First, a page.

And the problem is even worse than this for at least two reasons. First, [the] experiments [by Douglas Axe, cited earlier] calculated the odds of finding a relatively short protein by chance alone. More typical proteins have hundreds of amino acids, and in many cases their function requires close association with [many] other protein chains. For example, the typical RNA polymerase -- the large molecular machine the cell uses to copy genetic information during transcription (discussed in Chapter 5) -- has over 3,000 functionally specified amino acids. . . .

Second, as discussed, a minimally complex cell would require many more proteins than just one. Taking this into account only causes the improbability of generating the necessary proteins by chance . . . to balloon beyond comprehension. . . .

. . . If we assume that a minimally complex cell needs at least 250 proteins of, on average, 150 amino acids and that the probability of producing just one such protein is 1 in 10164 as calculated above, then the probability of producing all the necessary proteins needed to service a minimally complex cell is 1 in 10164 multiplied by itself 250 times, or 1 in 1041,000.
Or, as Fred Hoyle once famously expressed it, "The chance that higher life forms might have emerged in this way is comparable to the chance that a tornado sweeping through a junkyard might assemble a Boeing 747 from the materials therein." (Now before all the Darwinists out there cite Wikipedia's page "Hoyle's Fallacy" in triumphant refutation of these facts, let me point out that Wikipedia itself says that "This article needs attention from an expert on the subject." [Emphasis in original.] It certainly does, because even though the page's author can claim that the theory of abiogenesis does not require fully formed proteins of 150+ amino acids right off the bat, the theory fails with any smaller building blocks, because it assumes -- contrary to its claims -- a guided evolutionary process whereby each necessary stepping stone to the 150-amino-acid protein is fully retained in the environment, so that evolution can go on from there to the next step in the chain. Each stepping stone along the way is -- for some unspecified reason -- "retained" because evolution somehow "knows" it will be needed for the next step to a higher-order protein, and so on. For the definitive refutation of this argument, you need to read Professor Meyer's book, but there is a good beginning at this blog, cited earlier.)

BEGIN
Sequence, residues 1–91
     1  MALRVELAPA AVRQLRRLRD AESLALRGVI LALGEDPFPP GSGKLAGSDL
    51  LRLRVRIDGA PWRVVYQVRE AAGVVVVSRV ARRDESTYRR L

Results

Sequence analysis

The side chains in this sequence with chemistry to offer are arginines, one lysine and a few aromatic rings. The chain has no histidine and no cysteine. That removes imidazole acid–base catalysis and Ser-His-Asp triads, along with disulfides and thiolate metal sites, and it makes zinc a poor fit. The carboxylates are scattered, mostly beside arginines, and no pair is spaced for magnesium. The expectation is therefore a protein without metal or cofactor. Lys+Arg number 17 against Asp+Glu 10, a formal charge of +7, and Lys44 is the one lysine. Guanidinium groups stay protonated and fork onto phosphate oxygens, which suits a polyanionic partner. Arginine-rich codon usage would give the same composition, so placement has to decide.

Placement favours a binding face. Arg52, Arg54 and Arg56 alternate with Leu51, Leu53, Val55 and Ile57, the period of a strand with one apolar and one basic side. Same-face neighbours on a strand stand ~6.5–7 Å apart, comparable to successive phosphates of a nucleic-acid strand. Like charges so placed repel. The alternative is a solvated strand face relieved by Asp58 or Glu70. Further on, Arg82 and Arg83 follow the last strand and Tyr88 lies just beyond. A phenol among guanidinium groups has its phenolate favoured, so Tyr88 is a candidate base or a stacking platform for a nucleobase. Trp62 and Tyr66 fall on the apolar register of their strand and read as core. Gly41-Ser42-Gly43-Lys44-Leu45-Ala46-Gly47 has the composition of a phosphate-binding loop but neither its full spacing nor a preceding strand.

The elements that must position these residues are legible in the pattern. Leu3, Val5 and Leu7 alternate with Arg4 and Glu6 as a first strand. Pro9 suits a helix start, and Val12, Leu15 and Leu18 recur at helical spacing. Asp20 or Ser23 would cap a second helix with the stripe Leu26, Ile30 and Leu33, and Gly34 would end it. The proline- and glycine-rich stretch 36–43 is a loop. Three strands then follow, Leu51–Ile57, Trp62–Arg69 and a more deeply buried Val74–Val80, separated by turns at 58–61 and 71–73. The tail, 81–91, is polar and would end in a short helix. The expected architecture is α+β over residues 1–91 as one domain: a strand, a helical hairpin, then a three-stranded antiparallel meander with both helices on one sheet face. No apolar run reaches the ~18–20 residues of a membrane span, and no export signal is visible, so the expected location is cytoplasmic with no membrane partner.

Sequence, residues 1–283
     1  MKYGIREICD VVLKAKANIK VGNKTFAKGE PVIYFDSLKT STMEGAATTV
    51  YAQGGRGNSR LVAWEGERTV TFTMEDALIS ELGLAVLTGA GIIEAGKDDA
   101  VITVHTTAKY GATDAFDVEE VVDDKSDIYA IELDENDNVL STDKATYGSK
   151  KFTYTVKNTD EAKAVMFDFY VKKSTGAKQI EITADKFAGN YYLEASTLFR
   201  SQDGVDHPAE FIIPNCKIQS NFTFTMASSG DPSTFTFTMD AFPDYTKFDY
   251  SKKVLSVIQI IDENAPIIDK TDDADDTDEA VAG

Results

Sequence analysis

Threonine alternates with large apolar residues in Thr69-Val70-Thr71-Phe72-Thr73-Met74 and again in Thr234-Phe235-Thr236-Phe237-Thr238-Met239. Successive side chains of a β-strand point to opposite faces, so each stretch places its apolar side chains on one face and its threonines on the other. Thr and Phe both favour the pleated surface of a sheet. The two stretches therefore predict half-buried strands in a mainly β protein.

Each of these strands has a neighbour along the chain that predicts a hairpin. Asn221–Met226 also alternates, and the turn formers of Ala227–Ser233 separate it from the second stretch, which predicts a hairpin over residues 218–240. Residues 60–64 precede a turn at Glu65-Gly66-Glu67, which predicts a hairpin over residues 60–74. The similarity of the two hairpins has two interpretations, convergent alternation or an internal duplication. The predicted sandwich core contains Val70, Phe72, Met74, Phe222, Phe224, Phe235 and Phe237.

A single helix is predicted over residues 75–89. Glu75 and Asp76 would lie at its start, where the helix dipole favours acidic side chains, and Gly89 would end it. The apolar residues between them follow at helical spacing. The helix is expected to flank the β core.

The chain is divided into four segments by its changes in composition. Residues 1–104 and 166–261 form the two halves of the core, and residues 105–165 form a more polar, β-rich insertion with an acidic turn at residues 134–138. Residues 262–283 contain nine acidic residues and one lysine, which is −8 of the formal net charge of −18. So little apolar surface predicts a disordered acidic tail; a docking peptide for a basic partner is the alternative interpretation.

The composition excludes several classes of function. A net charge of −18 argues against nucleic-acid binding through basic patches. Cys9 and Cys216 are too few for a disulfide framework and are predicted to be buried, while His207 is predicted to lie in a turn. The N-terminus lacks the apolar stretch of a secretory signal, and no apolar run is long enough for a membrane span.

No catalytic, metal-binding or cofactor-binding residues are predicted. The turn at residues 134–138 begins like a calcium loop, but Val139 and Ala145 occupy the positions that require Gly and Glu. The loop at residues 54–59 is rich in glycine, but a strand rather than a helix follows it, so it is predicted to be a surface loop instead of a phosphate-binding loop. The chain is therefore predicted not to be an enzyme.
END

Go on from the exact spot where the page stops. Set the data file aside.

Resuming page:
It is Darwinism that is based on a fallacy, not the theory of intelligent design. In fact, if I could construct an analogy to illustrate the foolishness of the current debates over evolution versus design, it would run something like this: